The German theologian, Karl Barth, first declared “the church is always to be reformed” in 1947, but the idea goes back to the great Reformers; The Wesleys in the middle 1700s… Luther and others in the 1500s following the availability of printed Bibles. I, too, believe the Church needs to be constantly reforming itself back to First Principles and constantly adjusting itself to the dynamic world. Semper Reformanda Est.
That statement begs for definitions of terms. “Church” is a Northern European word and the idea came to us from Norse religion. The Ecclesia in Biblical times was nothing like the modern organized institutions we call “The Church” today. The difference is important. Reformations don’t work the way we were taught in history classes either. And “First Principles” have been hidden behind socio-political agendas and issues of translation and interpretation.
What is Church?
About a thousand years ago, climate and technology and disease immunity allowed one tribe of people to spread from their home territory and establish settlements and communities in the surrounding lands. They were organized and armed and strong. Their settlements prospered and sent more of these people further away from their ancestral homeland. They discovered America in fact and interacted with the Native Americans. They traded in Baghdad, Kiev, and Jerusalem. They built York and Dublin, sailed the Mediterranean, and established themselves along the coasts of Northern Europe; Germany, France, Spain. They were the Vikings.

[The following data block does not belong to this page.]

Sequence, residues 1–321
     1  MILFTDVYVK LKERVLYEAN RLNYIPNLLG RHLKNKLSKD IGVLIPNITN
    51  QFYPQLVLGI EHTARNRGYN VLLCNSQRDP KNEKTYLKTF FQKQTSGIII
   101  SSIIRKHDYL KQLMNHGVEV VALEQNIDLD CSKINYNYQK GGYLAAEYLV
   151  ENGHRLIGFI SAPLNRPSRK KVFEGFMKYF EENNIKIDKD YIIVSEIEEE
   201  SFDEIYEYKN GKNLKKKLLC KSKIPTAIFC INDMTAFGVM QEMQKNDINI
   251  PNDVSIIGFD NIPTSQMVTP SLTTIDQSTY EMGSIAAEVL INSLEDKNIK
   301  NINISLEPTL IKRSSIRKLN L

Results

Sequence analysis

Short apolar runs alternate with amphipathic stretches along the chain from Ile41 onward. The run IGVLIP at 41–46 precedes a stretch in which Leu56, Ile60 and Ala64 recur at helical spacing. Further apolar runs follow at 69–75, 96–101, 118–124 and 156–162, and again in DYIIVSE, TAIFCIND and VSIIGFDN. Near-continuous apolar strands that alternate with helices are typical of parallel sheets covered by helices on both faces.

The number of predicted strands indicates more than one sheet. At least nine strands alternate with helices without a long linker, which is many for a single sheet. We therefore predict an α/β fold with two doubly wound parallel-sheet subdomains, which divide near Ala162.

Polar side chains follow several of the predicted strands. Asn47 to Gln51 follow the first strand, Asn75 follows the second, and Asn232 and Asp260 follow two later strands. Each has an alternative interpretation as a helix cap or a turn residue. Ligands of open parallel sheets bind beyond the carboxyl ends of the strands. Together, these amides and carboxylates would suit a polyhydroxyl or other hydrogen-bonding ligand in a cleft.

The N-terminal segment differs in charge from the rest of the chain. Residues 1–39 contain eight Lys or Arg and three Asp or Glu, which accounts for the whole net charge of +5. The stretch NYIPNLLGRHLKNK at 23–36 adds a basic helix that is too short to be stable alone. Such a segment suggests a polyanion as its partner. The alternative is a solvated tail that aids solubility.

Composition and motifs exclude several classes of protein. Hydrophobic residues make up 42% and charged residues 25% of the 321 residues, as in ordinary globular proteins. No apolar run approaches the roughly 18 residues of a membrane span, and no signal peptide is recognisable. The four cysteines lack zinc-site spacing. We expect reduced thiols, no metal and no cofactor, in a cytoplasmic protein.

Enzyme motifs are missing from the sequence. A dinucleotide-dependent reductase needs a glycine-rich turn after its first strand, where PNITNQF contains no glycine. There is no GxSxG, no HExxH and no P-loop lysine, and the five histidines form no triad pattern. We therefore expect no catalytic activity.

The central organization of each of their settlements was a Kirk. That was basically a modified barn, a fancy building where the community met weekly to honor Wotan (Odin) and hear messages from their leadership. I imagine a potluck followed (fish soup again?).
We get “church” from them. The tribal idea of a building in which to gather for spiritual activity and to get instructions from leaders is much older than the Vikings Era. Primitive people worldwide had structures; monoliths, lodges, caves, special tents and so forth for religious purposes. They fall into two categories. Some believed the Divine meet the tribe there, inspired the shaman, took tribal members on spiritual vision journeys, healed the sick, and gave sexual ecstasy sufficient to provide new babies for the tribe. Truth or oracles of future predictions were pronounced there. It was thought of as a holy gateway between this world and the invisible spirit world. Other tribes understood themselves to be a divine manifestation living in the here and now, honoring ancestors and preparing for family members to come. They also met in special places to celebrate with music and dance and to teach and learn what it meant to be one of The People. Mythologists try to divide these into Agrarians and Hunters or perhaps Equatorial and Arctic peoples. For our purposes, they all attended “church” and for most that included singing and hearing the spoken word, sometimes in included healings, visions, moral instructions, predictions of the future, eating together, and for some, baby-making.
Most of the great European cathedrals were built on top of and around Norse Kirks.
What is Ecclesia?
Technologies like Agriculture, Mathematics, and Writing enabled the human population to expand in the Middle East and Egypt. Those inventions also let us learn about those city-states. Competition for resources (and male-dominance) led to nearly constant wars and chaos. Except in places where one strong leader was able to control gangs and bullies and thugs to allow the people to prosper in peace. It didn’t take long until that strong leader (or that family) took on divine dimensions. The Pharaohs were considered sun gods symbolized by sun-like wafers of wheat. Their armies handled threats to Empire, internal and external, but left the day-to-day functioning of villages and cities to Councils.